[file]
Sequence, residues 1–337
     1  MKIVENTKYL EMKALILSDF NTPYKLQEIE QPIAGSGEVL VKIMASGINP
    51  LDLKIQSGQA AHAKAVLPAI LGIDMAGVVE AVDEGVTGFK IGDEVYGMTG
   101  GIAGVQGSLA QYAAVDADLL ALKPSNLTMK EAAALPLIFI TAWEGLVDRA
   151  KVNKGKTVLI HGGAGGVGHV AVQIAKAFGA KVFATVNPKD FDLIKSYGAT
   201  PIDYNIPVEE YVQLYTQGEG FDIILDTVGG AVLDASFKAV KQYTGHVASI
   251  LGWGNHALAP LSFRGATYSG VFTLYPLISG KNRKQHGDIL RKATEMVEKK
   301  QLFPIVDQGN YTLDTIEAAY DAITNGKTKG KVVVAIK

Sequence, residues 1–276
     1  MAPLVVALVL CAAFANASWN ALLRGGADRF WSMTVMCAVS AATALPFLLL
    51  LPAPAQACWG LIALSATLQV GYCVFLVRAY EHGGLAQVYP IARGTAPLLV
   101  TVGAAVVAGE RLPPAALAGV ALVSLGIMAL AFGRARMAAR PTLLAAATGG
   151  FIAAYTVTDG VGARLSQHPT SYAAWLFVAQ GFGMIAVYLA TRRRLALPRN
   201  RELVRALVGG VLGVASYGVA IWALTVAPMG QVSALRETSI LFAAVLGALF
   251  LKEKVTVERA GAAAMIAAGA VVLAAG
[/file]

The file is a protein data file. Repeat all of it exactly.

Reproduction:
Sequence, residues 1–337
     1  MKIVENTKYL EMKALILSDF NTPYKLQEIE QPIAGSGEVL VKIMASGINP
    51  LDLKIQSGQA AHAKAVLPAI LGIDMAGVVE AVDEGVTGFK IGDEVYGMTG
   101  GIAGVQGSLA QYAAVDADLL ALKPSNLTMK EAAALPLIFI TAWEGLVDRA
   151  KVNKGKTVLI HGGAGGVGHV AVQIAKAFGA KVFATVNPKD FDLIKSYGAT
   201  PIDYNIPVEE YVQLYTQGEG FDIILDTVGG AVLDASFKAV KQYTGHVASI
   251  LGWGNHALAP LSFRGATYSG VFTLYPLISG KNRKQHGDIL RKATEMVEKK
   301  QLFPIVDQGN YTLDTIEAAY DAITNGKTKG KVVVAIK

Sequence, residues 1–276
     1  MAPLVVALVL CAAFANASWN ALLRGGADRF WSMTVMCAVS AATALPFLLL
    51  LPAPAQACWG LIALSATLQV GYCVFLVRAY EHGGLAQVYP IARGTAPLLV
   101  TVGAAVVAGE RLPPAALAGV ALVSLGIMAL AFGRARMAAR PTLLAAATGG
   151  FIAAYTVTDG VGARLSQHPT SYAAWLFVAQ GFGMIAVYLA TRRRLALPRN
   201  RELVRALVGG VLGVASYGVA IWALTVAPMG QVSALRETSI LFAAVLGALF
   251  LKEKVTVERA GAAAMIAAGA VVLAAG